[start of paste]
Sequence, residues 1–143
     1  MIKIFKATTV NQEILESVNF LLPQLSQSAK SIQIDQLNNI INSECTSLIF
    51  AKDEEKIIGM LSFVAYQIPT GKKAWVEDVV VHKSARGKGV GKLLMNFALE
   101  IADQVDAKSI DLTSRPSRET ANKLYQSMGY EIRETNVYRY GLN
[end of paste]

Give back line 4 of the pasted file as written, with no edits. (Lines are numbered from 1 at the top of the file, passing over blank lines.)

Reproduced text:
   101  IADQVDAKSI DLTSRPSRET ANKLYQSMGY EIRETNVYRY GLN